Baddelsey Clinton’s Victorian art is rooted in a romantic history

Baddesley Clinton is a lovely, romantic-looking manor house with a fantastic Tudor history surrounded by a moat in the Warwickshire countryside.
It also houses an art collection which has an interesting history behind it.


For me, Baddesley Clinton will always be fascinating because of its early history. Reputedly, owner Nicholas Brome killed the parish priest there because he’d tickled his wife under the chin, and he rebuilt the nearby parish church, which can also be visited, as penance.
Later, the occupants post-Reformation were Catholic and helped shelter priests there, and there’s at least one priest hole which leads from a garderobe shaft to sewers that can be seen on a visit
There are some seventeenth century portraits in the ground floor rooms, including one Joshua Reynolds work, The Right Honourable Charles Townshend, Chancellor of the Exchequer, of 1766 looking suitably serious and important. Other portraits include family members, unknown nobles and Princess Henrietta, Charles I’s daughter. However, paintings by Rebecca Ferrers dominate the walls.
In Victorian times the house was occupied by what became known as The Quartet. Marmion Ferrers lived there, and married Rebecca Orpen in 1867. Two years later, her aunt the author Lady Georgiana Chatterton and her husband Edward Dering moved in with them. They worked to restore the house, and spent time writing, painting and on their shared Catholic faith, also restoring the chapel during this time.
According to Mark Girouard’s The Return to Camelot, Chivalry and the English Gentleman, there was also more between them. He wrote that Edward was in love with Rebecca, and had gone to her guardian Lady Chatterton to ask permission to propose to her. But Lady Chatterton, either on purpose or accidentally, misunderstood and accepted his proposal herself, and Edward was too chivalrous to put her right. After the deaths of both of their spouses, Edward and Rebecca finally married in 1885, 26 years after his first attempted proposal, and he died in 1892, leaving her alone for another 29 years.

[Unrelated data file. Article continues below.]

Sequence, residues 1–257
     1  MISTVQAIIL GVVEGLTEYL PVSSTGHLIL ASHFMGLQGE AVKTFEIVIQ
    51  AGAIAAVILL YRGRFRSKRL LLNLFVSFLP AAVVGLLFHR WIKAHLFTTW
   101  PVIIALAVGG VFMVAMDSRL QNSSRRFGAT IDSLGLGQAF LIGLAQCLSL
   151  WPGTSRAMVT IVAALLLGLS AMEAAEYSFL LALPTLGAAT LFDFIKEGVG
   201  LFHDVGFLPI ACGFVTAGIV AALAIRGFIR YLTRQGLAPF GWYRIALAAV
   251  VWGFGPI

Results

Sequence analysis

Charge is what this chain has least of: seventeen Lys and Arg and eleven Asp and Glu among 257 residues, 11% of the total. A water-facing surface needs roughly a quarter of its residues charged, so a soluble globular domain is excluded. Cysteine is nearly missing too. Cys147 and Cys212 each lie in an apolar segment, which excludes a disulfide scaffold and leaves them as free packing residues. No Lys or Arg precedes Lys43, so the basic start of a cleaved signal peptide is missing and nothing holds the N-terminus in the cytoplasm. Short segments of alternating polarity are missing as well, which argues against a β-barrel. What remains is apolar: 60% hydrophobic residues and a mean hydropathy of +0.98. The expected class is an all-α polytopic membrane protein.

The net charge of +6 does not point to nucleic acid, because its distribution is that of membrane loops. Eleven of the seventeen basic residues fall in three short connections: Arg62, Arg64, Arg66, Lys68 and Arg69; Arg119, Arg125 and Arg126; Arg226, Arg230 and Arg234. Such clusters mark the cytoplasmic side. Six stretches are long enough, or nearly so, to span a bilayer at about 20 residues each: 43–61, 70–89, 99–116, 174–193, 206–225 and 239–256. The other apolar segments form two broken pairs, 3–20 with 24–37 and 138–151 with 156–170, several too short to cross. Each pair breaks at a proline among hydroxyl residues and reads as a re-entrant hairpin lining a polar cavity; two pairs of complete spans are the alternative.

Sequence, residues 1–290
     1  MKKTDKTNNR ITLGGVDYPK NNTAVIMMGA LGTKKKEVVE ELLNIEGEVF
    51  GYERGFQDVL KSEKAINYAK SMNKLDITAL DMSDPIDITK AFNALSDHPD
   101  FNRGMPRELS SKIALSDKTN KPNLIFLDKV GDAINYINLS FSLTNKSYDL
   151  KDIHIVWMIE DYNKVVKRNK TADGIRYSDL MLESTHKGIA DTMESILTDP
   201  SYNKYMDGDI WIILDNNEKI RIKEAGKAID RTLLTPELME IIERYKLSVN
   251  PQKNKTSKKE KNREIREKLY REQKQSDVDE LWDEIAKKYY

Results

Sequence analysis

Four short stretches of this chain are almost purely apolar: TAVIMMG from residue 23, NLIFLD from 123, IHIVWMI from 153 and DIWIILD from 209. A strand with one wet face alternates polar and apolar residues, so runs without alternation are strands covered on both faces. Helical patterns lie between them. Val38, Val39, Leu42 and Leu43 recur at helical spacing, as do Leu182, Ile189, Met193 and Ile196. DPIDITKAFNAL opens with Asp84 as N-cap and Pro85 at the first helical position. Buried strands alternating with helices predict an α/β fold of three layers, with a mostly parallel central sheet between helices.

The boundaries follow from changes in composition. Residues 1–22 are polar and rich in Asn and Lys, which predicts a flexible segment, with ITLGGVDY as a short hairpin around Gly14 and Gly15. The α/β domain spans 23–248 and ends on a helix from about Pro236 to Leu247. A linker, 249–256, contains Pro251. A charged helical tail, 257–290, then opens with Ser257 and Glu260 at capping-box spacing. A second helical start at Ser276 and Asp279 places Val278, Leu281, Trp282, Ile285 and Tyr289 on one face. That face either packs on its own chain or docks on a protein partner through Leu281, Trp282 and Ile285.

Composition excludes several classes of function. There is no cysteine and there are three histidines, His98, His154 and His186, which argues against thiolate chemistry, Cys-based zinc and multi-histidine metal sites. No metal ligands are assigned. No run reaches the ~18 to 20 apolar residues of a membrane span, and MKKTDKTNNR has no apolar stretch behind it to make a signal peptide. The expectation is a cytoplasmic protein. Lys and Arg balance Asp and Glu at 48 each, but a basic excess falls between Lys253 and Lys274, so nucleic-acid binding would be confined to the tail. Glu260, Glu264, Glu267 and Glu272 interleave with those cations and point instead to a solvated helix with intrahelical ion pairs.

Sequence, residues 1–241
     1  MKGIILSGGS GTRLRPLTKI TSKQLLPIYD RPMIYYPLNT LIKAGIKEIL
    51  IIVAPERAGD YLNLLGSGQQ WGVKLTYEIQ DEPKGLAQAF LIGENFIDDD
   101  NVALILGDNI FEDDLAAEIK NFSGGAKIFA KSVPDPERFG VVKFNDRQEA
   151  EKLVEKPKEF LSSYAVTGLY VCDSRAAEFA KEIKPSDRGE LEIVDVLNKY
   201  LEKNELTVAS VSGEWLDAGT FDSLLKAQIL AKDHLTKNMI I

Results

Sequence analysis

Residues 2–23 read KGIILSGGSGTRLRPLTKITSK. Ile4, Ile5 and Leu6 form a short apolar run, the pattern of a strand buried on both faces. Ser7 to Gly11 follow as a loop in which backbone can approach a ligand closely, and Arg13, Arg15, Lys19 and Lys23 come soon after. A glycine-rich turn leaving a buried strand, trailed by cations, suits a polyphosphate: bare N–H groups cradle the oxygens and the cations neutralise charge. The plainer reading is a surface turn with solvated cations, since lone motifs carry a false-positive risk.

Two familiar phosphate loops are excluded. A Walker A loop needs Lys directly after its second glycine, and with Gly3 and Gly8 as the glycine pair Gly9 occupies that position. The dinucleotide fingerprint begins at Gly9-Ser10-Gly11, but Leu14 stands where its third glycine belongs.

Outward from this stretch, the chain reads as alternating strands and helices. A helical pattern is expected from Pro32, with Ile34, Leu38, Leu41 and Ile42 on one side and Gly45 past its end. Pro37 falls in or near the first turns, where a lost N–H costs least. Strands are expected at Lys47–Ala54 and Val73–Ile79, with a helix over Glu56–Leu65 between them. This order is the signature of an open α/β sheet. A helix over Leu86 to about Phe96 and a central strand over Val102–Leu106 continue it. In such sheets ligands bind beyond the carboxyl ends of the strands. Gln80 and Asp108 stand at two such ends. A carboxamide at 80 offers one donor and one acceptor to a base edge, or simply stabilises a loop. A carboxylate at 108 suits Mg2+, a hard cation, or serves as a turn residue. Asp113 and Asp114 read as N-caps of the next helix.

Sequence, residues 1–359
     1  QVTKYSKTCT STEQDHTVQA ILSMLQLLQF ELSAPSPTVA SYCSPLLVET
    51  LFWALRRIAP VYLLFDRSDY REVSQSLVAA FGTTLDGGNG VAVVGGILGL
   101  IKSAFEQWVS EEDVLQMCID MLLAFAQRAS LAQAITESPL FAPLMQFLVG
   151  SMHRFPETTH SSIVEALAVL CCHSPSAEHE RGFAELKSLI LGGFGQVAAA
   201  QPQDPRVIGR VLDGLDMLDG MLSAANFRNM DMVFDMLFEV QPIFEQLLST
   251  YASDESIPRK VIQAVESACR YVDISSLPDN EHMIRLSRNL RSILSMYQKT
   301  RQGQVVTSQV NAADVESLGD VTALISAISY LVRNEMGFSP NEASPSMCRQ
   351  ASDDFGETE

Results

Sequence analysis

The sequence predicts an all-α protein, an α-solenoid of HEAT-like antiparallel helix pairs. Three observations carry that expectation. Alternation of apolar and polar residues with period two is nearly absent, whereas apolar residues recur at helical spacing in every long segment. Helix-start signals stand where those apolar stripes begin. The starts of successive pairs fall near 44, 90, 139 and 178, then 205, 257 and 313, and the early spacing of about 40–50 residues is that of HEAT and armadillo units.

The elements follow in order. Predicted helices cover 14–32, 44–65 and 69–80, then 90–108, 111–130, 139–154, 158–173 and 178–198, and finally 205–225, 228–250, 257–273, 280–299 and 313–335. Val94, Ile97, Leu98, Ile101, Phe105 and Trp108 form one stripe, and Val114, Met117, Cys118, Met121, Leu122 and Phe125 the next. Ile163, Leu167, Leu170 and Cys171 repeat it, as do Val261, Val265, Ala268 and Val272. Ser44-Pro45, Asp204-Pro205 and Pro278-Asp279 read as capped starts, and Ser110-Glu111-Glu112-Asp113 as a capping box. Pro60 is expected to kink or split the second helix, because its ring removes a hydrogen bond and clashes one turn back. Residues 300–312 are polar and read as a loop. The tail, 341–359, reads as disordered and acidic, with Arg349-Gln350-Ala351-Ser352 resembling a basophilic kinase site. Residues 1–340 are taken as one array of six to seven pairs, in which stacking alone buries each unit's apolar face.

With this in mind, Rebecca’s paintings take on a new interest. She was not the most talented of painters ever, but her subjects are interesting, including Cardinal Newman, who received the Quartet into the Catholic faith.
She painted family members, and idealized scenes. Architectural subjects are detailed and well depicted, but another painting of a young girl has proportions all wrong, with enormous feet and tiny hands.
Paintings of the interior of the house are a useful record of the Victorian country home interior, and the Quartet liked to dress up, sometimes in historic costumes, and Rebecca painted them in the house and grounds.
There are examples of her two husbands in similar poses, showing a position she obviously felt comfortable with, and an unfinished work in similar style. Her religious devotion can also be seen in one of the paintings behind the altar in the house chapel.
As an information panel points out, the artistic merit of these works isn’t necessarily what is most important, but a collection by a female artist of this period is interesting and worth seeing in itself. This is true enough, and is an interesting addition to the joy of visiting Baddesley Clinton.

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